Monthly Archives: November 2012

Rebuilding the Cultural Machine

Well folks it’s that time of the year again, only three weeks left in the term and final essay deadlines are looming in the near future. I haven’t had much time to focus on Preliminaries, but I’ve finally started to make some headway on my other projects. To tell the truth, all of my academic endeavours this semester are based on the Prelims Project one way or another; I guess you could say I’ve been training, getting ready for things to come. One of the primary concerns of Prelims is efficiency in data set compilation and model building—a daunting task—especially when you have to work with copious amount of information gleaned from scanned 17th century texts. While we will always have to read the preliminaries section of the text and manually compile the data that will become nodes and edges, other parts of the process should be able to be performed almost automatically using minimal human labour. So, to make a long story short, I am basically focusing this term on building skills I need to advance the Preliminaries Project efficiently and, I must admit, having some good fun along the way. Hence the Python, the Gephi, the endless graphs and the current single-mindedness of the Prelims blog—hey the blog is called Preliminaries Project. Who knows what comes next, only time will tell…but for now, graphs and Python. So here we go…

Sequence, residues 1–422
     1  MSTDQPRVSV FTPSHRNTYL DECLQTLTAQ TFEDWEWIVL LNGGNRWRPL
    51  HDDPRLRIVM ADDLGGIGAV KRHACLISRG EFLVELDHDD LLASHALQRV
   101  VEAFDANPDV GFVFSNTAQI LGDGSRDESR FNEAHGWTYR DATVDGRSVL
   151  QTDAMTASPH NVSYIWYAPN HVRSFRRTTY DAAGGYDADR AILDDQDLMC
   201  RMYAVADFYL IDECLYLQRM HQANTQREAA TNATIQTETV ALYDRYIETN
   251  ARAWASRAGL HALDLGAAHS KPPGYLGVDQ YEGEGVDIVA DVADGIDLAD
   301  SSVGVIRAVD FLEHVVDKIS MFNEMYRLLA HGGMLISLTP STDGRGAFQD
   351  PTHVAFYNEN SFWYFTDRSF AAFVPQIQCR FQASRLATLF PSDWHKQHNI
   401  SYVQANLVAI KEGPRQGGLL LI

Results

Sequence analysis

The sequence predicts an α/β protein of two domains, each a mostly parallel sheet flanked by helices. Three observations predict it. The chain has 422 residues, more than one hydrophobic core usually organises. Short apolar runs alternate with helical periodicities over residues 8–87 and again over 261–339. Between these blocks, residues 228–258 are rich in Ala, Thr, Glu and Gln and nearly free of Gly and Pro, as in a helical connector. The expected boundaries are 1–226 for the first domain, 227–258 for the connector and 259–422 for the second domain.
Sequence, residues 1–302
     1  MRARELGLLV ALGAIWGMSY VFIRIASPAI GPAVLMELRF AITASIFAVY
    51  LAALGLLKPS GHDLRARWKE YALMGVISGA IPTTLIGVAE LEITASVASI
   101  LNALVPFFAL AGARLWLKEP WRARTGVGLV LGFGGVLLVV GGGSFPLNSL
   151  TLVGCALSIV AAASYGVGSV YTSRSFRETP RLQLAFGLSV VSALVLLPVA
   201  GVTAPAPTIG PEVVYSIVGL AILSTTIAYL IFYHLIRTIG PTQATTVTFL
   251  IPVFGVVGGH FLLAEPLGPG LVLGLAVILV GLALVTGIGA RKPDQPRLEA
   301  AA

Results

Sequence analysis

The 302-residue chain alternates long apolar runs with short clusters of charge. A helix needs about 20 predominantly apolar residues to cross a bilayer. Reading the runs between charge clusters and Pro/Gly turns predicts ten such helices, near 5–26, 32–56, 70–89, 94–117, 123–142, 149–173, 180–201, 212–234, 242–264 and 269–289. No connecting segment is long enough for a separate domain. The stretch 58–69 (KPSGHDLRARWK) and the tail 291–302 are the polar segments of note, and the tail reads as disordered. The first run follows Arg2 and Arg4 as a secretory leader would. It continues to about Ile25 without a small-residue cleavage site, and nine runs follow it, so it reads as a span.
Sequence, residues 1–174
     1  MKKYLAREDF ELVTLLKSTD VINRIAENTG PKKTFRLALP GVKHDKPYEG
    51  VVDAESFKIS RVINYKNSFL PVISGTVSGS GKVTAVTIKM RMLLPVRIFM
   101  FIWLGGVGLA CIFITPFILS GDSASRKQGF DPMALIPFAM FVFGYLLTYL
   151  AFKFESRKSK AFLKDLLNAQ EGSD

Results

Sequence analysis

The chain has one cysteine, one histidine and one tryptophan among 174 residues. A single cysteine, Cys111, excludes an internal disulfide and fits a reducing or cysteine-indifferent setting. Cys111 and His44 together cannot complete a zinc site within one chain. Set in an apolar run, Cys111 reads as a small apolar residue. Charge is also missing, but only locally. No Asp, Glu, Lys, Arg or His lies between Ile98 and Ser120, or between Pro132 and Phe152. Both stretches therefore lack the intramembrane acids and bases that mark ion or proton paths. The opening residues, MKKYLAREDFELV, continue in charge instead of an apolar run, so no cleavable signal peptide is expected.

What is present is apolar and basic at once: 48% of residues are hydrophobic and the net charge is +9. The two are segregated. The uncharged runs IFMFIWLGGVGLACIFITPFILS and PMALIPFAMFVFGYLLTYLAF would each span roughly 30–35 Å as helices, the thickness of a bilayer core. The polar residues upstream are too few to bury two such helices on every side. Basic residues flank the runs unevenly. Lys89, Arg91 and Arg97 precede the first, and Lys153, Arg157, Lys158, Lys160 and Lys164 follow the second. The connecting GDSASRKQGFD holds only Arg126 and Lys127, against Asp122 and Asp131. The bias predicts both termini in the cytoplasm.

Last week we talked a bit about the Virgin of Guadalupe, so this week I would like to talk a bit about another class I’m taking called La Máquina Cultural. This course is team-taught by Professors Juan Luis Suárez and Rafael Montano and designed and instructed by Juan Sánchez, a fellow Ph.D. student and amigo here at Western. The class is based on a fantastic new approach to understanding Latin American texts as a highly heterogeneous corpus that emerges from the cultural exchanges that take place at encrucijadas literarias, or literary crossroads, which represent cultural interaction between diverse cultures on a global scale. This concept is represented graphically and figuratively as the Máquina Cultural: